The Disciplinary Review Board having recommended to the Court that JOHN S. POWER of BRIELLE, who was admitted to the bar in 1966, be suspended from the practice of law for three years for his violation of DR 1-102(A)(1), (3), (5), and (6), which arose out of his plea of guilty to obstructing the administration of law (N.J.S.A. 2C:29-1);
And respondent, by his attorney, having informed the Court that he is not contesting the imposition of the recommended sanction;
And good cause appearing;
It is ORDERED that the report of the Disciplinary Review Board is adopted, and JOHN S. POWER is suspended from the practice of law for three years and until the further Order of the Court, effective May 1, 1989; and it is further
Ordered that respondent be restrained and enjoined from practicing law during the period of his suspension and that he comply with Administrative Guideline No. 23 of the Office of Attorney Ethics dealing with suspended attorneys; and it is further
Ordered that respondent reimburse the Ethics Financial Committee for appropriate administrative costs.
Decision and Recommendation of the Disciplinary Review Board
To the Honorable Chief Justice and Associate Justices of the Supreme Court of New Jersey.
This matter is before the Board on a Motion for Final Discipline Based Upon a Criminal Conviction filed by the Office of Attorney Ethics ("OAE"). R. 1:20-6(b)(2)(i). Respondent pleaded guilty to the disorderly persons offense of obstructing the law, in contravention of N.J.S.A. 2C:29-1.
Respondent was admitted to the New Jersey bar in 1966. In January 1984, a Monmouth County Grand Jury filed a 101-count indictment against respondent and 18 co-defendants in connection with a conspiracy to commit numerous criminal acts. Respondent was charged in nine counts (counts 1, 2, 3, 7, 8, 9, 17, 90, and 101).*fn1 Those counts involved: (a) conspiracy to commit crimes of the second, third and fourth degrees, as follows: theft, arson, falsification of records, cruelty to animals, perjury, false swearing, criminal mischief, hindering apprehension or prosecution, terroristic threats, criminal coercion, witness tampering, fabrication of evidence, compounding race-fixing, and rigging publicly exhibited contest (count one); (b) conspiracy to commit the crimes of racketeering involving the use of firearms and the use of violence (count two); (c) racketeering activity involving crimes of violence and the use of firearms (count three); (d) forgery of two Smith-Barney Harris Upham Company Insurance Brokerage checks in the amount of $5,634.20 and $4,600.41 (counts seven and eight); (e) theft of $10,234.61 paid by Smith-Barney as proceeds from a margin account opened on the basis of stolen ATT stock certificates (count nine); (f) theft of insurance proceeds in the amount of $22,000.00 by drawing trust account checks falsely indicating that the funds related to the purchase of a horse (count 17); and (g) tampering with witnesses (counts 90 and 101).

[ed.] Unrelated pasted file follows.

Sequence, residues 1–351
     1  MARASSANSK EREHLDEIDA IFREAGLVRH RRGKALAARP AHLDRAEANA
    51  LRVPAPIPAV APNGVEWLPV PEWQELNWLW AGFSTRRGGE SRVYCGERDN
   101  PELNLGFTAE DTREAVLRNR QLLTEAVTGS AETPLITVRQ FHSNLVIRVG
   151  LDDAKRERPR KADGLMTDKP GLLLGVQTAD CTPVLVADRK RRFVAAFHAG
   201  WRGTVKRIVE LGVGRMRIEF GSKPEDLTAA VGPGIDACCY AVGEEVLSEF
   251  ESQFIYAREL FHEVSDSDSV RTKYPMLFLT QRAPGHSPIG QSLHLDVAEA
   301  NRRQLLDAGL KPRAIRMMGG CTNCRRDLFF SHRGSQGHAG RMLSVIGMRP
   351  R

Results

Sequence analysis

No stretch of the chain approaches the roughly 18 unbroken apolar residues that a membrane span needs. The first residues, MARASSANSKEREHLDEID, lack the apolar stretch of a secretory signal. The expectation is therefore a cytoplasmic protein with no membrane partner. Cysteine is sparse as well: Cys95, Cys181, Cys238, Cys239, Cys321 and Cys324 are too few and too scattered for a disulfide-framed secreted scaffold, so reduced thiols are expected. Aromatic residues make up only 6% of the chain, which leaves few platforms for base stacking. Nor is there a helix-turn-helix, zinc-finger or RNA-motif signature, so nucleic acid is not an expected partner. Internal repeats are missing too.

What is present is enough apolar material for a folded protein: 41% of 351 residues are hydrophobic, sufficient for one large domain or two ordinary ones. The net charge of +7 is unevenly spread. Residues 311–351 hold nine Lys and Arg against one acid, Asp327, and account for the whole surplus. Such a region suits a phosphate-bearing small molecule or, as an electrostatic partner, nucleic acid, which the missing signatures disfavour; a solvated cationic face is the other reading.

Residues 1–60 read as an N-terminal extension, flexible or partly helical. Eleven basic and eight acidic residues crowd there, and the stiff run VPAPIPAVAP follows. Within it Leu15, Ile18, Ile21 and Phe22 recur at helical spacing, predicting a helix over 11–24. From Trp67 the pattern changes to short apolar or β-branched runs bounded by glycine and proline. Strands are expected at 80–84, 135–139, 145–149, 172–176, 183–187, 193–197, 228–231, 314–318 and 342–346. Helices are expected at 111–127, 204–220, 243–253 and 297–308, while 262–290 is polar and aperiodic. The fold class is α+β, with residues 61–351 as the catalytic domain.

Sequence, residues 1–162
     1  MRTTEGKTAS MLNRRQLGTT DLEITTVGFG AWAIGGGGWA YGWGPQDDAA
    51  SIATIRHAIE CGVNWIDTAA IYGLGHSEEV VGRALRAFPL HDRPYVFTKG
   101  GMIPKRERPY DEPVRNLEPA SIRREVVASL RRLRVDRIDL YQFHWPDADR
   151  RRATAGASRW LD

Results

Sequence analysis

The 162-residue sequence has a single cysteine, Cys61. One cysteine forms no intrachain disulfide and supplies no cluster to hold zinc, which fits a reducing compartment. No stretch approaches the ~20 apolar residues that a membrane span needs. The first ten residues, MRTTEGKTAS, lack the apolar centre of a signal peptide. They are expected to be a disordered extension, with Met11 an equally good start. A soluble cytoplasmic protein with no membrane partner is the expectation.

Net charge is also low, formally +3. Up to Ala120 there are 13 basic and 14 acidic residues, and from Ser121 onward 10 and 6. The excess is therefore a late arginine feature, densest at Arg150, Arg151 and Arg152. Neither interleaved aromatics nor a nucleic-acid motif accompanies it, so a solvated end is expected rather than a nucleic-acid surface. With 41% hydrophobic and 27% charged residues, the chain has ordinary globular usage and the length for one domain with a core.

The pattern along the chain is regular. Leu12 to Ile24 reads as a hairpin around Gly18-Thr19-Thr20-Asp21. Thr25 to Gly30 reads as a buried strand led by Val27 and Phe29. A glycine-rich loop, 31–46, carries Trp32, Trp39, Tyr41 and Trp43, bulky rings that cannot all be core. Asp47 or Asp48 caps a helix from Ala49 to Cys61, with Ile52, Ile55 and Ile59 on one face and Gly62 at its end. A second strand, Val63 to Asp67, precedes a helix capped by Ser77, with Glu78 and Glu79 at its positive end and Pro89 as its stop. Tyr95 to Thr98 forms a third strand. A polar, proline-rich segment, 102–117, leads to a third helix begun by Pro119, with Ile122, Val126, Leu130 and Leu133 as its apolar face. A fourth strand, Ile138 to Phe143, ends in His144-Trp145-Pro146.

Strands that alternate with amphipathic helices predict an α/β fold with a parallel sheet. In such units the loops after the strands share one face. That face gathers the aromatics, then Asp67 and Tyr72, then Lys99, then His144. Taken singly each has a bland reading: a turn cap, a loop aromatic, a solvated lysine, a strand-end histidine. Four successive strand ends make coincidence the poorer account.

The main target of the indictment, Daniel Chansky ("Chansky"), a licensed groom and horse trainer, had been respondent's client for many years. The indictment charged, among other things, that Chansky, respondent, and others were involved
in a complex insurance scheme centering on the destruction of motor vehicles and the killing of nine thoroughbred racehorses. More specifically, the indictment charged that Chansky, single-handedly or with others, hid or destroyed motor vehicles and boats in order to illegally collect insurance proceeds. It charged, also, that Chansky was involved in a scheme in connection with fictitious sales of thoroughbred horses. Chansky would "sell" horses to a buyer who, in turn, would write him a check -- ordinarily covered by cash provided by Chansky -- bearing an inflated sales price in order to obtain high insurance coverage for the horses. Shortly after the insurance was obtained, the horses died of alleged accidental or natural causes. As stated in the indictment, Chansky, alone or aided by others, killed nine racehorses by either placing a plastic sealed bag over the horse's head, thus causing suffocation; or by breaking the horse's neck and wedging it under the side of the barn; or by shooting the horse's heart with a bow and arrow, removing the arrow and then shoving a rake handle in the wound. Pursuant to the indictment, the foregoing violent acts were intended to give the appearance that the horses' deaths had been accidental or natural so Chansky could collect the insurance proceeds obtained on the basis of the inflated values.
On April 26, 1985, Chansky was sentenced on 29 counts of the indictment to 24 years in the New Jersey State Prison with a ten-year parole ineligibility stipulation.
The day before, April 25, 1985, pursuant to a plea agreement, respondent entered a plea of guilty to the disorderly persons offense of obstructing the administration of law, in violation of N.J.S.A. 2C:29-1. In exchange for his guilty plea, the prosecutor's office recommended ...